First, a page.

Imitation: Learning to live as a Christian (I Cor. 4, Part 3/3)

That brings to the last thing I want to talk about and that is the pastor as model – sort of.

16 I urge you, then, be imitators of me. 17 That is why I sent you Timothy, my beloved and faithful child in the Lord, to remind you of my ways in Christ, as I teach them everywhere in every church.

Later in chapter 11 he says, famously, and rather boldly:

Imitate me as I imitate Christ.

In 2 Thessalonians he says:

“For you yourselves know how you ought to imitate us, because we were not idle when we were with you, nor did we eat anyone’s bread without paying for it, but with toil and labor we worked night and day, that we might not be a burden to any of you. It was not because we do not have that right, but to give you in ourselves an example to imitate.

And in 1 Timothy, where his giving advice to a young pastor, he urges:

“Let no one despise you for your youth, but set the believers an example in speech, in conduct, in love, in faith, in purity.”

Now, would you feel comfortable saying, “Hey, want to know how to be like Jesus? I’m all over it. Just watch me!” That would be incredibly cocky. I don’t think that is what Paul is saying though. Keep in mind that he is like a father to these people. He wants to see them grow as Christians, but he’s trying to figure out how to teach them to do it – how to introduce them to Jesus. He teaches out of the bible and writes them letters explaining things. So he’s making speeches and writing books. All right – that might work if people are really listening and have good memories but he knows that for a lot of us, that is not the case. And so he stays with these people and lives with them and works alongside of them and eats with them. He stayed with the Corinthians for a year and a half. They would have got to know him pretty well during that time. How can they best know more about how to live in light of the gospel? By observing more mature Christians.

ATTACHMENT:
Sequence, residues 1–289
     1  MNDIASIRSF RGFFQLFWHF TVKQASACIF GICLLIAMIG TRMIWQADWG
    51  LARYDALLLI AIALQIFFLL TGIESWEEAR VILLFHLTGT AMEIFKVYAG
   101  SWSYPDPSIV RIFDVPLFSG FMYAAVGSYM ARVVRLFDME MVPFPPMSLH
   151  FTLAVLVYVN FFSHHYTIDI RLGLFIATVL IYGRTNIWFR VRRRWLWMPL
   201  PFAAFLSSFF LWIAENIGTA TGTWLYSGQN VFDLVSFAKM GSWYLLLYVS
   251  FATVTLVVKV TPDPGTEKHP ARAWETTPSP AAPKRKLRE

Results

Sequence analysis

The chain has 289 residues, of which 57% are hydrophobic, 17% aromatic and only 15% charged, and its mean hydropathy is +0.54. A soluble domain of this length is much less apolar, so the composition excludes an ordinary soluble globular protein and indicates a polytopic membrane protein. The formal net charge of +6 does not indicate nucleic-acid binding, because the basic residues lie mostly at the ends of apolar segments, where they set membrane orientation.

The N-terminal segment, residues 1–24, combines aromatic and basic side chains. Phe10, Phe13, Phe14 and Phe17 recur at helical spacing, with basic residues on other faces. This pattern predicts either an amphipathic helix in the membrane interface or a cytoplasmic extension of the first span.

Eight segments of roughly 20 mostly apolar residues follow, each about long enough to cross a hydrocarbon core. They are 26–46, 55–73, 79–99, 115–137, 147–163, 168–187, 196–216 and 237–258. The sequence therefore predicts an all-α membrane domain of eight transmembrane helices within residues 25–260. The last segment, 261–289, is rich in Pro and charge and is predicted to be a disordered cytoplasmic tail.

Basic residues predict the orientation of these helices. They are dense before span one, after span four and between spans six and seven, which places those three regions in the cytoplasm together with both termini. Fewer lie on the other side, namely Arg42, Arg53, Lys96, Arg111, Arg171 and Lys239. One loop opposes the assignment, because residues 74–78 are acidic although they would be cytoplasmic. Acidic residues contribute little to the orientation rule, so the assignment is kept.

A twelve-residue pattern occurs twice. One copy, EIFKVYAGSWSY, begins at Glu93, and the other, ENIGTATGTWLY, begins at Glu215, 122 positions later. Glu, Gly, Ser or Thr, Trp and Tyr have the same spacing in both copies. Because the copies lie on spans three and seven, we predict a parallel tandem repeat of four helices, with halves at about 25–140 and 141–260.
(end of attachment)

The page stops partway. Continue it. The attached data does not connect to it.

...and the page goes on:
What do kids pick up from us adults? Not just what you tell them to do. In fact, that’s only a small part of what they get from you. They pick up on how you act and how you talk. Act angry and they will think that acting angry is the way it’s done, even if you say otherwise. Work hard and they’ll think working hard is normal – just the way that you be human. Always got your iPhone out, dinking around and not listening to them? Must be OK. They’ll use the same phrases you do. It’s how they learn all their words. It’s how they learn all their categories. And how much of these can be communicated in a couple of pages of a letter? Can you get this stuff from reading a few bible verses? Nice try, but no way. That’s barely even the Cliff Notes. The real way to learn to be like Christ is to imitate someone else who is like Christ. If you are blessed, that person could be your father or mother or maybe a good friend and mentor you’ve met along the way. For a LOT of folks though, that is unfortunately not an option.